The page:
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The Terrible, Horrible, No Good, Very Bad Pennsylvania Debate

Oz came across as obnoxious. Fetterman struggled to connect.
October 25, 2022
The Terrible, Horrible, No Good, Very Bad Pennsylvania Debate
(Composite / Photos: GettyImages / Shutterstock)

Those of you who believe in participation trophies ought to order one for John Fetterman. That’s about the only award he merits for his performance Tuesday night in Pennsylvania’s first and only 2022 Senate debate.

There’s no delicate way to put this: Fetterman was, at times, barely coherent. His opponent, Mehmet Oz, was able to consistently form complete sentences—but, for an experienced TV personality, he didn’t do much to endear himself to viewers with his relentlessly negative attacks on Fetterman and his self-satisfied smirks. The debate was so unpleasant to watch that the only good thing about it is that Pennsylvania voters won’t have to suffer seeing these two men together on stage again.

Fair or not, Fetterman’s health issues were glaring. In the run-up to the debate, the Fetterman campaign sought to lower expectations for the candidate who suffered from a stroke in May and depended on closed-captioning assistance to understand the questions. Post-game, his campaign spun it this way: “For a guy who’s just been in the hospital months ago, he took it to Dr. Oz pretty fucking hard tonight.” Still, there is only so much staff can do for a candidate who struggled to explain and defend his policy positions. And while, at the human level, he deserves immense credit for getting on the stage while still recovering, and in political terms, he deserves credit for going through with the debate—unlike, say, Arizona Democratic gubernatorial candidate Katie Hobbs—Fetterman will undoubtedly need to find a way to assure voters in the closing days of his campaign that he is fit for the job.

Several times it appeared as though Fetterman lost his train of thought—like when he was asked to reconcile why he changed his position on fracking:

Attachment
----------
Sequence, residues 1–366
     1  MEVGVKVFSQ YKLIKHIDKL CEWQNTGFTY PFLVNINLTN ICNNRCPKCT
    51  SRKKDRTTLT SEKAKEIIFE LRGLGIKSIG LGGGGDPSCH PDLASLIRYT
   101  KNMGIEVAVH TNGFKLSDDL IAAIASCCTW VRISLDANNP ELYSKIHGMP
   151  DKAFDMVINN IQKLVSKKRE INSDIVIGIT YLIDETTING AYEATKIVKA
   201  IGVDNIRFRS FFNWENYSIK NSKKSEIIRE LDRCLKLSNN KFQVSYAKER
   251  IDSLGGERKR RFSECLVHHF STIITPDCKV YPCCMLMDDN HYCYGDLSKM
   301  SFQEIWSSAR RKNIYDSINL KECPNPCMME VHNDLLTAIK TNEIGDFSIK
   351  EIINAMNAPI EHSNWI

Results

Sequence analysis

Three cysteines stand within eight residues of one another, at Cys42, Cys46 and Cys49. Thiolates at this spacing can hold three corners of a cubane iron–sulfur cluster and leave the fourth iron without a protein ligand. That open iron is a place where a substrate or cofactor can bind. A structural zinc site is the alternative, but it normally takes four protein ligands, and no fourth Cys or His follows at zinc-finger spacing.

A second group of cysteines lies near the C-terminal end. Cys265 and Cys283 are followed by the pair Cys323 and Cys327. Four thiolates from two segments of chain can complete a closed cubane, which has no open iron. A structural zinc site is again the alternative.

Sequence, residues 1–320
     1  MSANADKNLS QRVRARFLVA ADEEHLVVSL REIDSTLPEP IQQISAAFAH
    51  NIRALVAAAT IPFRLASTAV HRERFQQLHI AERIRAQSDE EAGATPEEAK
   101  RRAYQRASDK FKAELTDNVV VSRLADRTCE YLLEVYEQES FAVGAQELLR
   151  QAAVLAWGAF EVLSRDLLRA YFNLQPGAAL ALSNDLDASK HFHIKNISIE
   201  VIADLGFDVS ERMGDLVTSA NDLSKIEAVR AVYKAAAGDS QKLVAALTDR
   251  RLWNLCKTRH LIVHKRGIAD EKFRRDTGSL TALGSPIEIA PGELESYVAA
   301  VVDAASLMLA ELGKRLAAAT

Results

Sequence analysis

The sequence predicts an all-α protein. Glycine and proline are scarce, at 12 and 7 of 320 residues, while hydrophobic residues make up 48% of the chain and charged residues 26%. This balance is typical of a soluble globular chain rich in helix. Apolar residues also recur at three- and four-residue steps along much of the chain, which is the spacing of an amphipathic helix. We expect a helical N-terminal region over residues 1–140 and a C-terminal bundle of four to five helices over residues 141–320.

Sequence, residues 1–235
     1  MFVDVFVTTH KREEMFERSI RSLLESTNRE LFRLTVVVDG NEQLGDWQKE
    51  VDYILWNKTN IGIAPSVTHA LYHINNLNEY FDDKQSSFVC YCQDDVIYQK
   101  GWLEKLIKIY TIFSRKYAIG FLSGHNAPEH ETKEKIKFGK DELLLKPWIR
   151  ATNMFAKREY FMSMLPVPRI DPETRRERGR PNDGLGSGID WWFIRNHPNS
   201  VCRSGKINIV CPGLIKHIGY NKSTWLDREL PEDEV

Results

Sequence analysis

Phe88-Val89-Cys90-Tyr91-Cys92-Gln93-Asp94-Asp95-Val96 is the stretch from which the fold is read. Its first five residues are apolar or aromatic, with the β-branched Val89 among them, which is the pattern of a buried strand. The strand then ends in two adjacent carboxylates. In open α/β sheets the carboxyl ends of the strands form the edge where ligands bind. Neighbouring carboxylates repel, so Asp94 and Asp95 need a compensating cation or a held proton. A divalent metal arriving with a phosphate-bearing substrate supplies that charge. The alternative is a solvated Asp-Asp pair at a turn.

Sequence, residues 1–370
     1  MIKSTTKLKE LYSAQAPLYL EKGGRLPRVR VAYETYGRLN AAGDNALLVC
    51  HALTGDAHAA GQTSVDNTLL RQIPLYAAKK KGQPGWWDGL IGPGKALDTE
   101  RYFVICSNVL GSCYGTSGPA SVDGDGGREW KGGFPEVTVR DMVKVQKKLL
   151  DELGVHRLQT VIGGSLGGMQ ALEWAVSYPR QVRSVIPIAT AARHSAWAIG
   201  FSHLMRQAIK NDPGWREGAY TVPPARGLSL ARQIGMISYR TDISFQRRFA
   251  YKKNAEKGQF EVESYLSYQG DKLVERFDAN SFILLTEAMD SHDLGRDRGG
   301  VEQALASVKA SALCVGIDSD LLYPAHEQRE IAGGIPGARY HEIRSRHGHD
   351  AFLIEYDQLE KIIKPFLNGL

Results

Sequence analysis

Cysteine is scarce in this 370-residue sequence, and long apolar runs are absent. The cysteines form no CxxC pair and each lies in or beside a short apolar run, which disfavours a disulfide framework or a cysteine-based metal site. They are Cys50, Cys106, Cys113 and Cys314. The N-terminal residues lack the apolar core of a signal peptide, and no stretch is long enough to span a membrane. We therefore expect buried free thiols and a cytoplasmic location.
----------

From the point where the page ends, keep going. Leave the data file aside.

Or on what policy positions he disagrees with President Biden:

And when he explained why he would not release any more medical records:

There were more such moments, but you get the point.

That’s not to say that Oz came off as an eloquent speaker. He relied so heavily on talking points it was often difficult to understand what he was even talking about. One example: “Fetterman takes everything to an extreme, and those extreme positions hurt us all” and “Washington keeps getting it wrong with extreme positions.” It was as if he had one phrase he was told he must drive home, and so he hammered away at it to the point of meaninglessness.

Oz was asked several times to clarify his position on bans and vaguely sketched out a position where he opposed federal laws of any kind, either to restrict or expand abortion access. While evading the question, he tossed off a bizarre, bordering on incomprehensible, position: He said he wanted the decision left to “women, doctors, local political leaders, letting the democracy that’s always allowed our nation to thrive to put the best ideas forward so states can decide for themselves.”

It should have been a policy area easy for Fetterman to attack, but Fetterman simply shouted: “You roll with Doug Mastriano!”—a reference to the state’s Republican gubernatorial candidate who supports legislation to ban abortion after six weeks and has said that women could be charged with murder for aborting a pregnancy beyond that time frame.

Frustrated viewers could be forgiven for changing the channel.

That said, at the start of the debate, Fetterman did warn, “I might miss some words during this debate.” Oz had no excuse.  Fetterman also made a promise. In what sounded like lyrics snatched from Chumbawamba, Fetterman promised that if he got “knocked down,” he would “keep coming back up.” He’ll need that kind of attitude in the days ahead.

Amanda Carpenter

Amanda Carpenter is an author, a former communications director to Sen. Ted Cruz, and a former speechwriter to Sen. Jim DeMint. She was formerly a Bulwark political columnist.